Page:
In a previous blog I made some comments about the reliability of reporting in the MSM. I was therefore interested to see a review of the book Flat Earth News, by reporter Nick Davies who takes British journalism to task. (Apparently the book is not available in North America as searches on Amazon and Chapter/Indigo turned up no hits).
The reviewer notes:
Davies’s book gives cynical hacks cause to think. It is written by an insider who really does know what goes on inside newsrooms. It captures truths about what happens when principles are corrupted and reporters forced to do too much, too fast.
But it is not perfect. Davies admits that. He is a reporter and reporters have always made mistakes. What offends him is the frequency with which today’s reporters are encouraged not to care about accuracy, objectivity and the “fourth estate” values which have allowed journalists to swaddle ourselves in the certainty that our work serves the purposes of democracy.
Davies believes “we are deep into a third age of falsehood and distortion in which the primary obstacles to truth-telling lie inside the newsrooms”.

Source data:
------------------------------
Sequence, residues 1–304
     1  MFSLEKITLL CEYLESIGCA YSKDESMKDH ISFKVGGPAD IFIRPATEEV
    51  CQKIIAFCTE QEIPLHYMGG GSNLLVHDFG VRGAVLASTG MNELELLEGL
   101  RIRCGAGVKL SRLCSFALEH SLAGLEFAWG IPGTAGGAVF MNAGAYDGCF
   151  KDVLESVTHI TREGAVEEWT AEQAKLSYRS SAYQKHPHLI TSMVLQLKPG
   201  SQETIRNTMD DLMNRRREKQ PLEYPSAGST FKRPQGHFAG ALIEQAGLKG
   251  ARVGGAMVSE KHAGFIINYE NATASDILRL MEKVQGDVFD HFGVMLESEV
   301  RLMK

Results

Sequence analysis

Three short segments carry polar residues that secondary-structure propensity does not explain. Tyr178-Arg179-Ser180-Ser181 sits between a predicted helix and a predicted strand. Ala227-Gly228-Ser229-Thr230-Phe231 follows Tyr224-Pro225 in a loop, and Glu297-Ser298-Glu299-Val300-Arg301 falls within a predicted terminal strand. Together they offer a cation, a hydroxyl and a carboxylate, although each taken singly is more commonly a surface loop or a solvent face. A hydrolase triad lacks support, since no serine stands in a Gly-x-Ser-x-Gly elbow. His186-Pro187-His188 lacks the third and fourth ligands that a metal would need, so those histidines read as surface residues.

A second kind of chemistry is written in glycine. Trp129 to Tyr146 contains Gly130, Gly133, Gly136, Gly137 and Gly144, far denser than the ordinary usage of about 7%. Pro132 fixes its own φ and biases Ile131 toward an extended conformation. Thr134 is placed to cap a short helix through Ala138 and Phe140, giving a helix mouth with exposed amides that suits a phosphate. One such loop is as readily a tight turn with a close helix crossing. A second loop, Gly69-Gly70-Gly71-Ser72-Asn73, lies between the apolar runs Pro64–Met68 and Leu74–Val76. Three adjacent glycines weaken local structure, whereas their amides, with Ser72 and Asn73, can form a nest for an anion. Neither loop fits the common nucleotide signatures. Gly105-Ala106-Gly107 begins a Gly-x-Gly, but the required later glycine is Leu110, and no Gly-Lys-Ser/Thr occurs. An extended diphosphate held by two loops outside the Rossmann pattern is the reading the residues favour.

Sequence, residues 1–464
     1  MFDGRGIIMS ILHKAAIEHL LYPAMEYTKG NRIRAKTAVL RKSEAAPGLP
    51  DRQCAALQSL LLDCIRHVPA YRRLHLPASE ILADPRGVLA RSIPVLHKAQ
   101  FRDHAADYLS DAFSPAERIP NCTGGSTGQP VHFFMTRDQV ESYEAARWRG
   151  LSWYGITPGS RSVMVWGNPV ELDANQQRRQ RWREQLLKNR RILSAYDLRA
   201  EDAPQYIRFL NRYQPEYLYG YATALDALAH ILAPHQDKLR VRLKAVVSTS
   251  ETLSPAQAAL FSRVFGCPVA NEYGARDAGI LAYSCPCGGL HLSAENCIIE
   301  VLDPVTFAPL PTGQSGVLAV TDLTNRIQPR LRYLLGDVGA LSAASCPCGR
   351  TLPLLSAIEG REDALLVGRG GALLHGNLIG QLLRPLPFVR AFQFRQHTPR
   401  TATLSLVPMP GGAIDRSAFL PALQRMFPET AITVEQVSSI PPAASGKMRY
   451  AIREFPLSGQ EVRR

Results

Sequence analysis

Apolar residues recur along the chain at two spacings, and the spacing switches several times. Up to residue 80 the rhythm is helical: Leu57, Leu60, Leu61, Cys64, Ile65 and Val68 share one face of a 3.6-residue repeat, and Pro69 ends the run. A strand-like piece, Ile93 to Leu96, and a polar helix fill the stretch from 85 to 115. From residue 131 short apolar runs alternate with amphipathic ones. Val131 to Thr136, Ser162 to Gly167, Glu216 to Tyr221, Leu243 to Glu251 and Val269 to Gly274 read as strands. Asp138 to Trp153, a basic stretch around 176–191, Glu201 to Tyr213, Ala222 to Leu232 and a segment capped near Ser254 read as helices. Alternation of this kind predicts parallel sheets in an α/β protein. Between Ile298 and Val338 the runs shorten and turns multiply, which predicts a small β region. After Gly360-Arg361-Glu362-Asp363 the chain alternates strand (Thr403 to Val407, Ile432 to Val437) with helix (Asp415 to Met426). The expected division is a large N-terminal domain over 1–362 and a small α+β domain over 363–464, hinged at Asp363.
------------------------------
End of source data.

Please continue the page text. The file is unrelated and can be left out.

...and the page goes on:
At the root of the problem lies commercial pressure, but not the ideological pressure blamed by Marxist academics anxious to portray the press as an establishment conspiracy. Davies blames the more insidious influence of media conglomerates that prefer profit to political influence and pare editorial staff to the bone to achieve it.
This leads overburdened reporters to fill the pages of their newspapers with “Flat Earth News”, a worthless commodity defined here as an unreliable statement or story “created by outsiders, usually for their own commercial or political benefit, injected via a wire agency into the arteries of the media through which it then circulates around the whole body of global communication”.
The information is not checked. Reporters, raised on the legend of Bob Woodward and Carl Bernstein, have abandoned their obligation to check that what they are writing is true. Being a veteran to whom facts matter, Davies cites numerous examples.
This is no different than what we see in newspapers in North America. It is not uncommon to see a story that is simply a slight rewrite of a press release from some advocacy group, with a brief quote from some other group in opposition at the end of the piece in an attempt to bring some appearance of balance to the story.
But then sometimes I think it may simply boil down to reporters who just hate to let facts get in the way of a good story, aided and abetted by readers who could care less about facts as long as the story slants toward their personal point of view.